2011 promises to be an interesting year for Spain.
Market focus is shifting southwards following the de facto nationalisation of Ireland’s banking sector. Cue some impeccable timing from Nomura, who predict serious headwinds swooshing across Iberia in the next 12 months.
The bank’s analysts have reflected that Spain’s debt-to-GDP ratio is low relative to other peripherals, providing a buffer against jittery investors.
However, there’s a catch:
Current and expected growth rates of nominal GDP fall well short of its average funding cost; in the absence of primary balance surpluses, Spain’s debt-to-GDP ratio is bound to deteriorate rapidly. Those primary surpluses, however, are very hard to generate (our economists project a primary deficit for 2011 of 5.2% of GDP and for 2012 of 3.5%. Spain funds a costly social security system, which is burdened by heavy expenses due to unemployment benefits at a very high unemployment rate (20%), while at the same time public revenues are failing to recover due to their dependence on housing-fuelled growth. The combination of anaemic revenues and heavy costs, coupled with increasing cost of borrowing, leaves little room for optimism with regard to the pace of deterioration of its debt trajectory.
Which could make rolling €59bn of bonds in six months next year a tricky prospect, according to this Nomura chart:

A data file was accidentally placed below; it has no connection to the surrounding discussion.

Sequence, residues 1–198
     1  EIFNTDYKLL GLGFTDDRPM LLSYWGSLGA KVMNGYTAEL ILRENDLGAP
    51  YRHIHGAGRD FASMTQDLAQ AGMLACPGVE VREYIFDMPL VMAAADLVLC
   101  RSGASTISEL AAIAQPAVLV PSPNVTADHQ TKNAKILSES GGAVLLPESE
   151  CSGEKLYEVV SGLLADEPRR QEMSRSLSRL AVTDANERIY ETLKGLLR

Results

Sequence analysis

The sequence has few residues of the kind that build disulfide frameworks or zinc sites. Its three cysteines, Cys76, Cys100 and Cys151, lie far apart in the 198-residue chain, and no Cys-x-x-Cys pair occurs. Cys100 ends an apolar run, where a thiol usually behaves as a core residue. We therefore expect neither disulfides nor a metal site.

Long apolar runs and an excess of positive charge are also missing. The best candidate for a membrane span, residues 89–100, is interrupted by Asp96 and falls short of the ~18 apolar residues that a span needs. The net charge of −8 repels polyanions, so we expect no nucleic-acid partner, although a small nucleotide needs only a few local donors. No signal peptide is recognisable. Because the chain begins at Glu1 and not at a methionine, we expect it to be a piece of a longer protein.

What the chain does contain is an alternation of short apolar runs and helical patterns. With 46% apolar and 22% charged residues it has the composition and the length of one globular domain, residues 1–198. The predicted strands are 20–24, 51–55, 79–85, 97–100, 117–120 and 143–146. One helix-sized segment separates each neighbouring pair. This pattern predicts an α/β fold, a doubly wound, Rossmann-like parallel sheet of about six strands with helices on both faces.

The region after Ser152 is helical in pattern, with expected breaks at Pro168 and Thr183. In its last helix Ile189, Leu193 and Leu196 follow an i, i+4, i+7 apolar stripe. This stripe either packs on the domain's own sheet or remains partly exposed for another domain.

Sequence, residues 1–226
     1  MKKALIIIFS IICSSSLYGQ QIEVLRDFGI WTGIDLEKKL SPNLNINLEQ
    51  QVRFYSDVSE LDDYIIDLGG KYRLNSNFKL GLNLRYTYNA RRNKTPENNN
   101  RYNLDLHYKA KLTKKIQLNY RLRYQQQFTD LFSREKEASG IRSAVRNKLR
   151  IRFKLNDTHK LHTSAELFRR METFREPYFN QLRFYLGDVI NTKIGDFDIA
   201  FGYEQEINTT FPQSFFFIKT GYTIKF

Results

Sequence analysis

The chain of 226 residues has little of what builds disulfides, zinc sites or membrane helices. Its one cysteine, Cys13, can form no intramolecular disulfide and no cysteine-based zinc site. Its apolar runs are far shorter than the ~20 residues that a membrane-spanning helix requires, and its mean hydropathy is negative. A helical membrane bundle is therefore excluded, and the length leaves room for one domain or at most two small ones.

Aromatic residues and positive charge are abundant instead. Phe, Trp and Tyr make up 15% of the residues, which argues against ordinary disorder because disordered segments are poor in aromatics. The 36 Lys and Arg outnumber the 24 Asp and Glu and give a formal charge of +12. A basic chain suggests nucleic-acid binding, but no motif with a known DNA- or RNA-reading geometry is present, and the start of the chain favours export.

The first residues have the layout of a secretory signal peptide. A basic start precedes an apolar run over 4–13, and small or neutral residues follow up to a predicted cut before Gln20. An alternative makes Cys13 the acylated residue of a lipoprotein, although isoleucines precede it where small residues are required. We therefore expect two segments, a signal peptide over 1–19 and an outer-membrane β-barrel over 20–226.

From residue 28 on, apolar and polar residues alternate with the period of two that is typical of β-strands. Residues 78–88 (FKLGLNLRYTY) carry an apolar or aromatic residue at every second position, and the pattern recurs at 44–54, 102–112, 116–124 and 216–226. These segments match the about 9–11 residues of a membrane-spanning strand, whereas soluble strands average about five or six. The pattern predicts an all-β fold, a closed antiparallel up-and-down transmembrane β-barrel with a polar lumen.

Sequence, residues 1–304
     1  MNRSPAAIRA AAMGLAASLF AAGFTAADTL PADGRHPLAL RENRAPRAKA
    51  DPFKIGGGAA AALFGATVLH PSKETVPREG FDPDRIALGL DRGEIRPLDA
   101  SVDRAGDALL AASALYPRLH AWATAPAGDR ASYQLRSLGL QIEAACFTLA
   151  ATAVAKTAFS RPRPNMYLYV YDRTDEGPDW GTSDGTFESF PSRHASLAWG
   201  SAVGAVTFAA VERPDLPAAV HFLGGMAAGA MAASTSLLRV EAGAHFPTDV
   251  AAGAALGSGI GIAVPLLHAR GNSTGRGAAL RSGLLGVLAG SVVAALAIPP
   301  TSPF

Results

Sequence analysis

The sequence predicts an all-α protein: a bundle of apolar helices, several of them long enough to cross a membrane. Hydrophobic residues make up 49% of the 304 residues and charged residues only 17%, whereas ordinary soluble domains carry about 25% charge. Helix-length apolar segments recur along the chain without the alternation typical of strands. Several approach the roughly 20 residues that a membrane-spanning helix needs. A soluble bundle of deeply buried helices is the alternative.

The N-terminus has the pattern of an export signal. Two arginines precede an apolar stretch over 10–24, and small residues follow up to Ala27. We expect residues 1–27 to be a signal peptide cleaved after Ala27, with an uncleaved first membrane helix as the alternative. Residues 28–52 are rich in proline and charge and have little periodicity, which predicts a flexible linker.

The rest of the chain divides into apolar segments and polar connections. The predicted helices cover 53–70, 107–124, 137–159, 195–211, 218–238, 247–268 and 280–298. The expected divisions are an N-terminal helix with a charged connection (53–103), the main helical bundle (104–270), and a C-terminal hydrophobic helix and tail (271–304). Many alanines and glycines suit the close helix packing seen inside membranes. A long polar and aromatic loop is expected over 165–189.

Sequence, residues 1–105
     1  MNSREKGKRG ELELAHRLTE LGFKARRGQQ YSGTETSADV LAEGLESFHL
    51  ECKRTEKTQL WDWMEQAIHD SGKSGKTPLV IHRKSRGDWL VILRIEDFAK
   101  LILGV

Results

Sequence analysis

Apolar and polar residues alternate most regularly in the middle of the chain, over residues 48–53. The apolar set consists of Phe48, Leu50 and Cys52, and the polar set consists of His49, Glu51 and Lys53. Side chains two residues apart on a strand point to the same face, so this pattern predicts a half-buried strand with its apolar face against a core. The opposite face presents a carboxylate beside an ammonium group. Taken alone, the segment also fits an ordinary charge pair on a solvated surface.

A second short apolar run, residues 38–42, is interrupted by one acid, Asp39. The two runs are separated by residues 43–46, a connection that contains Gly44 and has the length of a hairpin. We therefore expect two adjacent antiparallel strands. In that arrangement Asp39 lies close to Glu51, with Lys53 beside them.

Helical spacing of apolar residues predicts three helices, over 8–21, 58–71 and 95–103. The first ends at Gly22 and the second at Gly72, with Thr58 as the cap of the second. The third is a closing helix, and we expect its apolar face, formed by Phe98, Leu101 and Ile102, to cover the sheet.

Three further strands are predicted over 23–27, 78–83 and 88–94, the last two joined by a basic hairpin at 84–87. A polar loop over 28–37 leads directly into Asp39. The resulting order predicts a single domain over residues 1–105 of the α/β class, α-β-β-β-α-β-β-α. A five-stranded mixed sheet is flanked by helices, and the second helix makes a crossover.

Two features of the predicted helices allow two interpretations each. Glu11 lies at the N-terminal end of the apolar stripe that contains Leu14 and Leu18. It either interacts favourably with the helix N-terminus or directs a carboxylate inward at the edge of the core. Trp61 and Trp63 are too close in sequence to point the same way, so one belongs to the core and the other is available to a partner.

The three long red bars refer to sales of €18bn in April, €23bn in July and a further €18bn in October. Put the dates in your diary. (If this week’s less than smooth bond sale is anything to go by, the small January sale might not be plain sailing either.)
And then there’s the elefante in the room, the known unknown that is Spanish bank assets:
Finally, the big unknown remains Spanish banks. We have repeatedly noted that over the past few months Spanish banks have decreased their use of ECB funding markedly (see Macro Chart Alert – The good, the bad and the ugly, 12 November); nonetheless, a number of uncertainties remain regarding the condition of the local Cajas, especially in light of their exposure to mortgage loans in an environment of a deflating housing market. Quantifying their financial position accurately is a very hard task.